Friday, March 03, 2006

Mais ce n'est pas tout! J'ai encore deux autres albums de photos!

My street's weekend produce market arrived early so I picked up a few items for my school's (presumably indoor) picnic tomorrow: wine, chevre cheese, olives ... and the remnants of a prawn that a seafood vendor thought that Bondi might like. He didn't take my hint that salmon was higher up Bondi's list of comfort foods.

We walked a few blocks west to the square between the Louvre and the Palais Royale where I stopped for a late lunch of a rather delicious chickeny-eggy-orangey-nutty-leafy-salad. A gorgeous presumed-to-be-fashion-model and presumably-her-agent (both from Melbourne) sat next to me and said lovely things about Bondi and that they assumed I was under 30 and then I would have kissed them except that I would have heard a blood-curdling scream from somewhere over the horizon (probably in Powys) that would have been listed in Gleamhound's 2006 Catalog of Jealous Caterwauling. So I didn't. But I might next time. Shhhhhhhh!

We walked back through the gardens of the Palais Royal. At the northern end, a lot of youngsters were being shepherded around by mothers and nannies all of whom wanted to squeal and gurgle over the gros chien in their midst.

Here are some very useful new phrases for the traveller, along the lines of:

Yessir, you folks certainly have made a mess of this country.
Oui Monsieur, grâce à vous, c'est vraiment le bordel dans ce pays.
Sí, señor,ustedes ciertamente han cagado a este país.
Ja, mein Herr, ihr habt wirklich eine Müllhalde aus diesem Land gemacht.

... and from the same source, a primer on French comics. I bought a Valérian book yesterday at Album, since only a small percentage of these books have ever been translated into English, and I've been clinging onto my set for at least 20 years. Mézières' images have been thoroughly ripped off by George Lucas in many parts of the Star Wars franchise, and were directly used in Luc Besson's The Fifth Element.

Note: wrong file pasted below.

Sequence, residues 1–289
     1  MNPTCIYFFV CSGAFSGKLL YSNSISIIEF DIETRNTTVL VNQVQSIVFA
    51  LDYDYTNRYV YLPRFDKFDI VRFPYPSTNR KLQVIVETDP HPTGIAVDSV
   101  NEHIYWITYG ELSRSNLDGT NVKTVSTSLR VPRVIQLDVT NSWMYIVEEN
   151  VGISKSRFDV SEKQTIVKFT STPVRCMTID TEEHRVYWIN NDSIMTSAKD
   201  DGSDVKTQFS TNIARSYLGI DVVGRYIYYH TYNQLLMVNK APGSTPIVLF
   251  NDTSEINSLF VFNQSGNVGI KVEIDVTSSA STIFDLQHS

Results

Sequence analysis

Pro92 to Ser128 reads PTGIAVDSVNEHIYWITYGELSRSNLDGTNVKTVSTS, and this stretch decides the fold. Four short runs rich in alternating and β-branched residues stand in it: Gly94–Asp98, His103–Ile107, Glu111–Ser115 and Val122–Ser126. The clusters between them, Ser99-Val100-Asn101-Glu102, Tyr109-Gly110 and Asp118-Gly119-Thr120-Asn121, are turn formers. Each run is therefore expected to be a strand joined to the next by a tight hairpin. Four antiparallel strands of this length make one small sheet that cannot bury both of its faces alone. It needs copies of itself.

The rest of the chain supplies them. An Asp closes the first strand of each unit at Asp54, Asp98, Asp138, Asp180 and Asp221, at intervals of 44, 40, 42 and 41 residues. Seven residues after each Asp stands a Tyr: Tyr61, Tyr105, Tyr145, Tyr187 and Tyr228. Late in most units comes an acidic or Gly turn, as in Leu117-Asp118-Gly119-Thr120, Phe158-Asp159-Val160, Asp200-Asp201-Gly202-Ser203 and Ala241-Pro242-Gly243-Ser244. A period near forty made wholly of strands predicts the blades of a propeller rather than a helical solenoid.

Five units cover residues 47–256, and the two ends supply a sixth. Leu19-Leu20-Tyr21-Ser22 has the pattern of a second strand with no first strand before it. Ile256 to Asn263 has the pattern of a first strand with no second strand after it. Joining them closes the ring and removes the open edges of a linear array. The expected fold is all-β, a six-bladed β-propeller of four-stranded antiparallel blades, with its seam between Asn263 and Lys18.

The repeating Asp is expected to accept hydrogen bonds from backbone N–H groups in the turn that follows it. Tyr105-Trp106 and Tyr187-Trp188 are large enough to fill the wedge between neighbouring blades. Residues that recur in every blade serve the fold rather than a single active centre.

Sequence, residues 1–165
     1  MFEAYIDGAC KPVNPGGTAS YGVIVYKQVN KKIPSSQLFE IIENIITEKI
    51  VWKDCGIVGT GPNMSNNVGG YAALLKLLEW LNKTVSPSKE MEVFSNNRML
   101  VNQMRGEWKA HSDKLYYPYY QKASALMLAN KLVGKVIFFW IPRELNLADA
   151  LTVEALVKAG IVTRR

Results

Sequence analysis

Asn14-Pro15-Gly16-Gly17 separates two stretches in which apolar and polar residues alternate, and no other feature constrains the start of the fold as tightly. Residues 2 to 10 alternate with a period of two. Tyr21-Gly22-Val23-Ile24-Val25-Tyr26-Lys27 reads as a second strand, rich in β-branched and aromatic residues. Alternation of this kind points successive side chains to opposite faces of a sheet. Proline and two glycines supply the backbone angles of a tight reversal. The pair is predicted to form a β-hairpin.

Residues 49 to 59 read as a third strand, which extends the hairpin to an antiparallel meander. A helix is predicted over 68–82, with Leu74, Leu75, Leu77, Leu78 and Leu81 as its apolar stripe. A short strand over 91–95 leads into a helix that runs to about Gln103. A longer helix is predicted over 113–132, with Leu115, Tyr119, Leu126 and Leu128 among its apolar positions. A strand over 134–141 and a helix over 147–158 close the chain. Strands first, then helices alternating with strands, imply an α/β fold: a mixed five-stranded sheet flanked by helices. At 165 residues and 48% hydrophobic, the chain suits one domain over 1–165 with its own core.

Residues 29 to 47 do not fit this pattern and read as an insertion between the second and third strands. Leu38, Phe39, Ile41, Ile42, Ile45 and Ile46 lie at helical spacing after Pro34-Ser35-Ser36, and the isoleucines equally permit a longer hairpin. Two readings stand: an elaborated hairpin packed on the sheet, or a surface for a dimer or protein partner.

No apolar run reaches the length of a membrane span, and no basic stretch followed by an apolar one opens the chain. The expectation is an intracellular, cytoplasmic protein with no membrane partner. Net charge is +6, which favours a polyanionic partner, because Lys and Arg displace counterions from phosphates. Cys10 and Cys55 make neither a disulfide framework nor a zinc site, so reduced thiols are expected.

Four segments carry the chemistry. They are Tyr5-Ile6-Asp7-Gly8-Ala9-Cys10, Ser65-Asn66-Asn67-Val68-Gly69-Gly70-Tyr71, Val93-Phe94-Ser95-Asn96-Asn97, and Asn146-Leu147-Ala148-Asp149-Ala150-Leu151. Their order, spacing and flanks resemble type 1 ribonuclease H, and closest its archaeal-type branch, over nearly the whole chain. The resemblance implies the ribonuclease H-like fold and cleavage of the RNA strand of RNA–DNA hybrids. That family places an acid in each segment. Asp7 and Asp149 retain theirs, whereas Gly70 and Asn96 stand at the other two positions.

A new consumer-oriented Tablet PC springs out of the Origami project. It's nice seeing your projects having little grandprojects.

Finished reading Neil Gaiman's Anansi Boys. I first encountered the Anansi story tradition when I was quite young and working my way through the myths & legends of every race or nation (as available in various small libraries in rural NSW). It seemed to have much in common with Australian aboriginal Dreamtime stories, although of course the trickster tradition is known in many cultures, notably with the Norse Loki, and the North American Coyote (and on into Brer Rabbit and even ol' Bugs Bunny). The last book I read where Anansi appeared was China Mieville's King Rat (1998). The comedic Anansi Boys has additional parallels with Mieville's darker tale - but I hate to give plot-spoilers... On the other hand, for a black comedy, it's hard to beat William Kotzwinkle's Doctor Rat or the much-later The Bear went over the Mountain. Finally, Alessando Boffa's marvellous You're an Animal, Viskovitz! takes you right out of the way of the tricksters into self-delusion.

The bunnies do the 30-second Brokeback Mountain.

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